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The following code illustrates the effect of the initial velocity on the dynamics of an object released in a gravitational field. A very simple numerical integration of the equation of motion gives the trajectory, which is plotted below for four different initial speeds for a rocket released at 200 km altitude parallel to the Earth's surface. At this altitude the speed needed for a circular orbit is about 7.8 km/s. You can read more about this kind of simulation at the Wikipedia page for Newton's cannonball.

A MoirĂ© pattern is an interference pattern that occurs when two grids of repeating lines or shapes are rotated by a small amount relative to one another (oblig. xkcd).

A charged particle of mass $m$ and charge $q$ moving with a velocity $\boldsymbol{v}$ in an an electric field $\boldsymbol{E}$ and a magnetic field $\boldsymbol{B}$ is subject to a Lorentz force, $\boldsymbol{F}$, given by
$$
\boldsymbol{F} = q(\boldsymbol{E} + \boldsymbol{v}\times\boldsymbol{B}).
$$
The equation of motion for a single particle is therefore given by Newton's second law as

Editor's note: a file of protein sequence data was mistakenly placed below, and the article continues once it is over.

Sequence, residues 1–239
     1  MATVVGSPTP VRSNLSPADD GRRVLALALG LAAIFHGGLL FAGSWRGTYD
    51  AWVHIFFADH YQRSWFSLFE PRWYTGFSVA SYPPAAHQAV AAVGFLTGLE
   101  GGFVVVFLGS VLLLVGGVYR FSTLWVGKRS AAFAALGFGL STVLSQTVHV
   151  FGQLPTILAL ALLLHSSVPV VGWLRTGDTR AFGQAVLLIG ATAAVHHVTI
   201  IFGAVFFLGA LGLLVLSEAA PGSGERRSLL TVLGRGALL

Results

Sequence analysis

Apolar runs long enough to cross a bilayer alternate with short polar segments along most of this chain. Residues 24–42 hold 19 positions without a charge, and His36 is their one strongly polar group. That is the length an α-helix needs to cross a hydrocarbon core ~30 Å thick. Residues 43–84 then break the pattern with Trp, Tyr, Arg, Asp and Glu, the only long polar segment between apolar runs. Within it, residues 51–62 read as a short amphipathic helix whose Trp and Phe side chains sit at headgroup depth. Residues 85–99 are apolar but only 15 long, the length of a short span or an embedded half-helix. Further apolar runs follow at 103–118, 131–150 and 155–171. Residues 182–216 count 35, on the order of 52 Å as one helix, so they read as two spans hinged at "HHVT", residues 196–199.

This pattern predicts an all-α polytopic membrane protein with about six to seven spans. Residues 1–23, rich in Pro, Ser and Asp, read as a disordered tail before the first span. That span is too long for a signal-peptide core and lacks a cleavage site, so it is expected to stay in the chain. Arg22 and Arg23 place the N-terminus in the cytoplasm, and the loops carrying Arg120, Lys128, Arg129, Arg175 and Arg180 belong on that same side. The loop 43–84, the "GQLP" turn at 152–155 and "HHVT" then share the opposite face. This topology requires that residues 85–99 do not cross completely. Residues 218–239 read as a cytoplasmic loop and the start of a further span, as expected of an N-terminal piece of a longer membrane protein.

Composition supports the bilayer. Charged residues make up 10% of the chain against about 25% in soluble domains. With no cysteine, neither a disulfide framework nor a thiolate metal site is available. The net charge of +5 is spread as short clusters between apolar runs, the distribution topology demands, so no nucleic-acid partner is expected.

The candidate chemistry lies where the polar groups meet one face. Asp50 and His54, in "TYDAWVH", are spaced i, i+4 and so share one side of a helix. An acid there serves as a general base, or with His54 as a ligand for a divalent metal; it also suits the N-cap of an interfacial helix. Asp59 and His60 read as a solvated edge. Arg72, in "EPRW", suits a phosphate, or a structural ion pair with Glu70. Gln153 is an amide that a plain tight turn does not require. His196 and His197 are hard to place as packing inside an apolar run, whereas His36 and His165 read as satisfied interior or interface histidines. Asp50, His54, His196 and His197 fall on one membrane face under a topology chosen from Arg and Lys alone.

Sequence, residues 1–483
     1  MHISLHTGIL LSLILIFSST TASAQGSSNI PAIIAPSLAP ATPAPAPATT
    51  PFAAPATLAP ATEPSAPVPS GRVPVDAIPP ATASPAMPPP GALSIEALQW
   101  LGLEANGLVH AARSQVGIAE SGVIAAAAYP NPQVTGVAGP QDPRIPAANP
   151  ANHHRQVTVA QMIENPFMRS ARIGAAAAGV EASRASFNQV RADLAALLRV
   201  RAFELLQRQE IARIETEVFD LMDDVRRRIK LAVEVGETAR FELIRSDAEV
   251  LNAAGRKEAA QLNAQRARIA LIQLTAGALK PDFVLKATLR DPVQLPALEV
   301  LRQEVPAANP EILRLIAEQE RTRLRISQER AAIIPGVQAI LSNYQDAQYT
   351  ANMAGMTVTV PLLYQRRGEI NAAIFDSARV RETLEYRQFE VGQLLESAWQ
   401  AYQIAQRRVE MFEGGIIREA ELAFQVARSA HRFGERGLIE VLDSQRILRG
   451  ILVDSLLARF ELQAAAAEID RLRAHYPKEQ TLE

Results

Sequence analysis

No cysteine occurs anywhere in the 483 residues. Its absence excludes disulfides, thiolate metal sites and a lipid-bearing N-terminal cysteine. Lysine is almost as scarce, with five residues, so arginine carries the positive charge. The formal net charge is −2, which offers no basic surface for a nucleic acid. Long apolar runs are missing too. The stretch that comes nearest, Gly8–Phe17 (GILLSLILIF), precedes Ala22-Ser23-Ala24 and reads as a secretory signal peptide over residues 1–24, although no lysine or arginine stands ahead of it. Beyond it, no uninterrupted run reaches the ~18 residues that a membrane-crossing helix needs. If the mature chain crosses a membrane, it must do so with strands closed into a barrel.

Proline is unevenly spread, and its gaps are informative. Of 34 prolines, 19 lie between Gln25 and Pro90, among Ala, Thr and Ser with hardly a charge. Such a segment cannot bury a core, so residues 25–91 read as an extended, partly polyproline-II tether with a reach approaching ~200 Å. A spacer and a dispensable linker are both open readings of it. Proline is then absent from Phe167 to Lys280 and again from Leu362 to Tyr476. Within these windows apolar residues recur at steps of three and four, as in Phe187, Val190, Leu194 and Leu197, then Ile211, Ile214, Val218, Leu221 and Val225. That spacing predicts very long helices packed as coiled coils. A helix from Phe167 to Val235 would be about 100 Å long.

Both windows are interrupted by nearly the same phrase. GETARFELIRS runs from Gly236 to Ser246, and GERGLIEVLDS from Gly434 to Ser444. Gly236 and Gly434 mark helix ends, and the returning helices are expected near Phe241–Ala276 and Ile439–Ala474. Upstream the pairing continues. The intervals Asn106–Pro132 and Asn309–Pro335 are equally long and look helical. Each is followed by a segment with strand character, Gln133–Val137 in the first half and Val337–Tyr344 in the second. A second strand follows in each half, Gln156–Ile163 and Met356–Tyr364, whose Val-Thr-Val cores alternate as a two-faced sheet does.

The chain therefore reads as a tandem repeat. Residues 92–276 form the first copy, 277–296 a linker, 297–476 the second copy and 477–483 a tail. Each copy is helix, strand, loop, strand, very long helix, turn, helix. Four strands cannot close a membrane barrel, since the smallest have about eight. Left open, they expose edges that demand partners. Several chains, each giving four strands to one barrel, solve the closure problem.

$$
\boldsymbol{\ddot{r}} = \frac{q}{m}(\boldsymbol{E} + \boldsymbol{v}\times\boldsymbol{B}).
$$
Here we will consider a uniform magnetic field, $\boldsymbol{B} = (0,0,B)$ and zero electric field, $E=0$. In this case, the trajectory of the particle can be obtained by solving the equation of motion analytically, but here we integrate it numerically using SciPy's `integrate.odeint`

method. Assuming the particle starts off with non-zero components of its velocity parallel ($v_\parallel$) and perpendicular ($v_\perp$) to the magnetic field, it moves in a *helix*, with radius given by
$$
\rho = \frac{mv_\perp}{|q|B},
$$
known as the *Larmor* or *cyclotron* radius (or gyroradius).

Two important parameters in plasma physics are the *electron Debye length*, $\lambda_{\mathrm{D}e}$, a measure of the distance over which charge-screening effects occur and deviations from quasi-neutrality are observed, and the number of paricles in a "Debye cube" (of side length $\lambda_{\mathrm{D}e}$), $N_\mathrm{D}$.

In a nuclear fusion reaction two atomic nuclei combine to form a single nucleus of lower total mass, the difference in mass, $\Delta m$ being released as energy in accordance with $E = \Delta m c^2$. It is this process which powers stars (in our own sun, hydrogen nuclei are fused into helium), and nuclear fusion has been actively pursued as a potential clean and cheap energy source in reactors on Earth for over 50 years.